06 March 2014, News Wires – Brent crude held steady just below $108 a barrel on Thursday, as investors looked for direction after a heavy sell-off in the two previous sessions prompted by easing geopolitical risk over the crisis in Ukraine and US data suggesting weaker oil demand.
Oil prices have fallen between $4 and $5 a barrel since spiking on Monday due to the threat of an armed conflict in Ukraine and tension between Russia and the West over the former Soviet republic.
The drop was aggravated by a larger than expected rise in US crude stocks and by data showing private employers in the US added fewer workers than forecast in February and services sector growth hit a four-year low.
“The market has collectively come to the conclusion that an armed conflict in Ukraine is not on the cards, so we’ve seen speculative positions being sold off,” said Michael McCarthy, chief strategist at CMC Markets.
“Combined with the strength in crude supply in the United States, there doesn’t seem to be much upside for oil at least in the short term,” McCarthy said.
Brent oil for April delivery was up 20 cents at $107.96 a barrel early on Thursday, after settling $1.54 lower. The contract hit $112.39 on Monday, its highest since 30 December, but had settled below its key 200-day moving average of $108.41 on Wednesday for the first time in a month.
US crude for April delivery was 34 cents lower at $101.11 a barrel, after ending the previous session $1.88 lower.
Geopolitical worries over Ukraine eased on Wednesday as high-level diplomatic efforts to resolve the crisis in Kiev went underway in Paris. Foreign ministers from Ukraine, Russia and Western nations agreed to continue discussions in coming days on how to stabilise the situation, US Secretary of State John Kerry said.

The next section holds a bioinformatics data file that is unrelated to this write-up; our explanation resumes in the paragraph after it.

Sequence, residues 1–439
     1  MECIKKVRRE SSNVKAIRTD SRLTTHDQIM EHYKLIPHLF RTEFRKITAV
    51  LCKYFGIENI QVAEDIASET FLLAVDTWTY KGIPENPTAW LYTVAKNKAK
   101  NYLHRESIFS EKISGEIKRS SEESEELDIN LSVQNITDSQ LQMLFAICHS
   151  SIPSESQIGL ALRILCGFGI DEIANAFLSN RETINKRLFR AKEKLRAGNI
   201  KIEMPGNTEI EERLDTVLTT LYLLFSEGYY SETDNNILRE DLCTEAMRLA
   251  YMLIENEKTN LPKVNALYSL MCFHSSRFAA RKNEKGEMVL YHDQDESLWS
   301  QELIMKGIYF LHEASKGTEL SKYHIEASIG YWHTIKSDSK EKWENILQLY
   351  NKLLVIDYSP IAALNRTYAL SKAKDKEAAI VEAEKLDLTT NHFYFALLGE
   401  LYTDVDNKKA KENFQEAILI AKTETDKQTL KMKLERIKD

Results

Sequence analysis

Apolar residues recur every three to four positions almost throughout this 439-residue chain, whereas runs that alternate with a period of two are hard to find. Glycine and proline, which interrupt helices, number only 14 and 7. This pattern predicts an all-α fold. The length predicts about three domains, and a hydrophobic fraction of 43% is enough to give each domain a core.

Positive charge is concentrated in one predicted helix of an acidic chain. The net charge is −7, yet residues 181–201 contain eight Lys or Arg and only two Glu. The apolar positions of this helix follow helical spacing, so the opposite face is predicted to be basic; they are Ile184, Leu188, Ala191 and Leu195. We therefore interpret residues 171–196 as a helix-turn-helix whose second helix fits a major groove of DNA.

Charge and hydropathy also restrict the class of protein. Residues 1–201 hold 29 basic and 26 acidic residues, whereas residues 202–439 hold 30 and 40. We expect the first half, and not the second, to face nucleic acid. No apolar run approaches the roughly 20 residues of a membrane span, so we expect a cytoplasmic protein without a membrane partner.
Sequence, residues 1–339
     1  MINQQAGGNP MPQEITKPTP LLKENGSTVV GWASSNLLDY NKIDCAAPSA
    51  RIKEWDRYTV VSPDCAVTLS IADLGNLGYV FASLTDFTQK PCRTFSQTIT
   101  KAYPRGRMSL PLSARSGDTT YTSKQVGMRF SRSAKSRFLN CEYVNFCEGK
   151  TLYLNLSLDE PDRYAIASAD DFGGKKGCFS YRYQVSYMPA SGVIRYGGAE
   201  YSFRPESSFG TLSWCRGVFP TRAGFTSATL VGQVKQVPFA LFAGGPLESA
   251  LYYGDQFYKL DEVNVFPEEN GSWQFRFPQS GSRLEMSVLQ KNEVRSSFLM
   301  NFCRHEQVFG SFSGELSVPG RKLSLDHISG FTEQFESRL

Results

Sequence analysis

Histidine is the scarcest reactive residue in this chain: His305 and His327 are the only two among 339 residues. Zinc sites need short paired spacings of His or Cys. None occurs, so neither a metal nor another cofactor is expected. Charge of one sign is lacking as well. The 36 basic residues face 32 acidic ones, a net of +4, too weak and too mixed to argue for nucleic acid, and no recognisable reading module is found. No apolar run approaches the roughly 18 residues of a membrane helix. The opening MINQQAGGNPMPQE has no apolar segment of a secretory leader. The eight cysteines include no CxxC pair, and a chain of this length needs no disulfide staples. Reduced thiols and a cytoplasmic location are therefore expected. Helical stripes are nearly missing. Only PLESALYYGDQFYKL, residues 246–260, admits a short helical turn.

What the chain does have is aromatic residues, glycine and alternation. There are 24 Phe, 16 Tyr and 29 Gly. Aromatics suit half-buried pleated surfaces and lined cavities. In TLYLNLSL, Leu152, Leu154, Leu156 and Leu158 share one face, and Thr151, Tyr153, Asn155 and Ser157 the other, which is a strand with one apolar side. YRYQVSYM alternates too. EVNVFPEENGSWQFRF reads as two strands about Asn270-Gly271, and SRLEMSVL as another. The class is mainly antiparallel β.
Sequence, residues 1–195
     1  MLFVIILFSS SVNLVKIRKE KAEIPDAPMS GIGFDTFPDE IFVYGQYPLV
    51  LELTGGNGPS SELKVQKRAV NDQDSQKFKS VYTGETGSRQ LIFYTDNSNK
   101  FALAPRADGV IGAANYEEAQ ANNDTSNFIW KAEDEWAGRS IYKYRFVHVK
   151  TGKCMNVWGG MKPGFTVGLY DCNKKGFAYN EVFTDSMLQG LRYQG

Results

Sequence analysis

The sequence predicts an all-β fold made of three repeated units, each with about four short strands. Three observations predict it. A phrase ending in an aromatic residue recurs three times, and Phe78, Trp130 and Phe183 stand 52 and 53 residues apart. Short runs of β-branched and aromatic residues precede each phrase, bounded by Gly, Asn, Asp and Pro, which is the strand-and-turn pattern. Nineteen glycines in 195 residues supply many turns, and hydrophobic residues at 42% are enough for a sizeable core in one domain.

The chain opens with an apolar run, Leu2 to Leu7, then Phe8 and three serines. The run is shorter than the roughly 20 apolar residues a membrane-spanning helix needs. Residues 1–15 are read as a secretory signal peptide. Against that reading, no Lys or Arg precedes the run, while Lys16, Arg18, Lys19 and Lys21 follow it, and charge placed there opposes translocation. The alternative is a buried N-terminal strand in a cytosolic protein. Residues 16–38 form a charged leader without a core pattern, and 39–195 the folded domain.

Still, slim gains in global equities and a slightly higher Brent price suggested investors were not that convinced that the Ukraine crisis is off the table.
US crude stockpiles rose more than expected last week as imports increased and refinery output fell, data from the Energy Information Administration (EIA) showed on Wednesday.
Crude inventories rose by 1.4 million barrels in the week ending 28 February, compared with analysts’ expectations for a build of 1.3 million barrels. Imports rose by 75,000 barrels per day and refinery utilisation slipped 0.6%.
Further weighing on oil demand, US oil refiners are expected to take 1.6 million bpd of capacity offline in the week ending 7 March, up from 1.4 million bpd the previous week, data from research company IIR showed.
Adding to negative sentiment in oil markets, US private employers added fewer workers than forecast in February and services sector growth hit a four-year low as the Federal Reserve said the severe US weather was to blame for the slower economic growth.
“The downbeat data out of the United States is painting a weaker picture for oil demand than the market has gotten used to recently,” said McCarthy of CMC Markets.
Oil prices were supported by news that Libya’s El Sharara oil field remains shut by an ongoing sit-in protest and comments from the field’s manager that there was no sign of production resuming.